# Question 4.7: Assigning Oxidation Numbers Use the rules from Table 4.5 to ...

Assigning Oxidation Numbers Use the rules from Table 4.5 to obtain the oxidation number of the chlorine atom in each of the following: (a) $HClO_4$ (perchloric acid), (b) $ClO_3^-$ (chlorate ion).

PROBLEM STRATEGY

In each case, write the expression for the sum of the oxidation numbers, equating this to zero for a compound or to the charge for an ion (Rule 6). Now, use Rules 2 to 5 to substitute oxidation numbers for particular atoms, such as -2 for oxygen and +1 for hydrogen, and solve for the unknown oxidation number (Cl in this example).

Table 4.5

 Rules for Assigning Oxidation Numbers Rule Applies to Statement 1 Elements The oxidation number of an atom in an element is zero. 2 Monatomic ions The oxidation number of an atom in a monatomic ion equals the charge on the ion. 3 Oxygen The oxidation number of oxygen is  -2 in most of its compounds. (An exception is O in $H_2O_2$ and other 4 Hydrogen The oxidation number of hydrogen is + 1 in most of its compounds. (The oxidation number of hydrogen is -1 in binary compounds with a metal, such as $CaH_2$.) 5 Halogens The oxidation number of fluorine is  -1 in all of its compounds. Each of the other halogens (Cl, Br, I) has an oxidation number of  -1 in binary compounds, except when the other element is another halogen above it in the periodic table or the other element is oxygen. 6 Compounds and ions The sum of the oxidation numbers of the atoms in a compound is zero. The sum of the oxidation numbers of the atoms in a polyatomic ion equals the charge on the ion.
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Question: 4.9

## Calculating Molarity from Mass and Volume A sample of NaNO3 weighing 0.38 g is placed in a 50.0-mL volumetric flask. The flask is then filled with water to the mark on the neck, dissolving the solid. What is the molarity of the resulting solution? PROBLEM STRATEGY To calculate the molarity, you ...

You find that 0.38 g NaNO_3  is   4.\underl...
Question: 4.3

## Deciding Whether Precipitation Occurs For each of the following, decide whether a precipitation reaction occurs. If it does, write the balanced molecular equation, and then the net ionic equation. If no reaction occurs, write the compounds followed by an arrow and then NR (no reaction). a. Aqueous ...

a. The formulas of the compounds are NaCl and [lat...
Question: 4.2

## Writing Net Ionic Equations Write a net ionic equation for each of the following molecular equations. a. 2HClO4(aq) + Ca(OH)2(aq) → Ca(ClO4)2(aq) + 2H2O(l ) Perchloric acid, HClO4, is a strong electrolyte, forming H^+ and ClO4^- ions in solution. Ca(ClO4)2 is a soluble ionic compound. b. ...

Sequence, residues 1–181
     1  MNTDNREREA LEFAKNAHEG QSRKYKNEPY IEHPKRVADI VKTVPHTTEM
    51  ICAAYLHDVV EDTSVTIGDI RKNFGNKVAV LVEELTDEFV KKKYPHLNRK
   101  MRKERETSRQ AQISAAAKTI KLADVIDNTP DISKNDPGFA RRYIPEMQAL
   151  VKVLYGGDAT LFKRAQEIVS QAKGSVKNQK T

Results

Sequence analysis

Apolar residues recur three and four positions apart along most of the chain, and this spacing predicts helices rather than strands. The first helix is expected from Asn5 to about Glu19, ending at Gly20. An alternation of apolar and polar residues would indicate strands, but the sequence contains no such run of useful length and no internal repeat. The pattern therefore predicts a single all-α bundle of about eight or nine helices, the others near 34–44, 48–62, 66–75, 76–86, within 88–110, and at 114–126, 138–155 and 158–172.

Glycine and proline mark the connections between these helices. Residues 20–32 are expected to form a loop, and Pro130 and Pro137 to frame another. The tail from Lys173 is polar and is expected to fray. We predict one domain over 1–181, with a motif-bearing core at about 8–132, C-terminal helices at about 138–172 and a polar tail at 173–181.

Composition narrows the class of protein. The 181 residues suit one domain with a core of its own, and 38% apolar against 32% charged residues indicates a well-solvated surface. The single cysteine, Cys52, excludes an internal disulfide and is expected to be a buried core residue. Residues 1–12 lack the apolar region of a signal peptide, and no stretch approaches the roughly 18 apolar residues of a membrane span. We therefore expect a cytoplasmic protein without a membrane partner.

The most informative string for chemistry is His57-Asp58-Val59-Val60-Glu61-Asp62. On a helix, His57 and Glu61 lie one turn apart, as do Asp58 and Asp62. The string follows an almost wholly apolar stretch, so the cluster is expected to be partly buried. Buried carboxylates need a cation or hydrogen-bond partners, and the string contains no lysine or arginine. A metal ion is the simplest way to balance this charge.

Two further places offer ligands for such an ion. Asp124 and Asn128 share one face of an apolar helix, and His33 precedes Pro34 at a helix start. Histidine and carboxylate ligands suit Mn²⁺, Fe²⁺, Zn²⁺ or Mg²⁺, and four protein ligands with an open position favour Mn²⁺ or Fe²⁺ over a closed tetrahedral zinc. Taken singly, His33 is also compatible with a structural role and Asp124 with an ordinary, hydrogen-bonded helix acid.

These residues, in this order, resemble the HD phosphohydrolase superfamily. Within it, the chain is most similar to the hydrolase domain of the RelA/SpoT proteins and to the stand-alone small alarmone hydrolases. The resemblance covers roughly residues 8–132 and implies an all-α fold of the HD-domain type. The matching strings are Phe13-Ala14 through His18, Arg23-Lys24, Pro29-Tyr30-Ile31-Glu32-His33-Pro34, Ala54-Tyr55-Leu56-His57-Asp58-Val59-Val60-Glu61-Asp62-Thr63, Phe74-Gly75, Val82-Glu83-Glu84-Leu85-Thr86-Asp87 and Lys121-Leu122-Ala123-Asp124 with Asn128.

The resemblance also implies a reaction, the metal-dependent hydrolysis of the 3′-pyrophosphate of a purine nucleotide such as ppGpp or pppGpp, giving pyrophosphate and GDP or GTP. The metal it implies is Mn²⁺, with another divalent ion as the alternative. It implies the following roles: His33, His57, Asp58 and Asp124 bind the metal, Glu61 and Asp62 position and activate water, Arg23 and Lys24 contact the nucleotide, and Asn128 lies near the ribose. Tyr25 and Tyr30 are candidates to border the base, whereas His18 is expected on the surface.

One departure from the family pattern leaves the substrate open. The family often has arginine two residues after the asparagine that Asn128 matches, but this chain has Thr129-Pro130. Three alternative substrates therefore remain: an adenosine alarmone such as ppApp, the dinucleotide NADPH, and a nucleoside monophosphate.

a. According to the solubility rules presented in ...
Question: 4.14

## Calculating the Quantity of Substance in a Titrated Solution A flask contains a solution with an unknown amount of HCl. This solution is titrated with 0.207 M NaOH. It takes 4.47 mL NaOH to complete the reaction. What is the mass of the HCl? PROBLEM STRATEGY You convert the volume of NaOH (4.47 × ...

The calculation is as follows: 4.47  \times...
Question: 4.13

## Calculating the Volume of Reactant Solution Needed Consider the reaction of sulfuric acid, H2SO4, with sodium hydroxide, NaOH. H2SO4(aq) + 2NaOH(aq) → 2H2O(l) + Na2SO4(aq) Suppose a beaker contains 35.0 mL of 0.175 M H2SO4. How many milliliters of 0.250 M NaOH must be added to react completely with ...

The calculation is as follows: 35.0  \times...
Question: 4.12

## Determining the Amount of a Species by Gravimetric Analysis A 1.000-L sample of polluted water was analyzed for lead(II) ion, Pb^2+, by adding an excess of sodium sulfate to it. The mass of lead(II) sulfate that precipitated was 229.8 mg. What is the mass of lead in a liter of the water? Give the ...

Following Example 3.7, you obtain the mass percent...
Question: 4.11

## Diluting a Solution You are given a solution of 14.8 M NH3. How many milliliters of this solution do you require to give 100.0 mL of 1.00 M NH3 when diluted (Figure 4.21)? ...

You know the final volume (100.0 mL), final concen...
Question: 4.10

## Using Molarity as a Conversion Factor An experiment calls for the addition to a reaction vessel of 0.184 g of sodium hydroxide, NaOH, in aqueous solution. How many milliliters of 0.150 M NaOH should be added? PROBLEM STRATEGY You first need to convert grams NaOH to moles NaOH, because molarity ...

Here is the calculation. (The molar mass of NaOH i...
Question: 4.1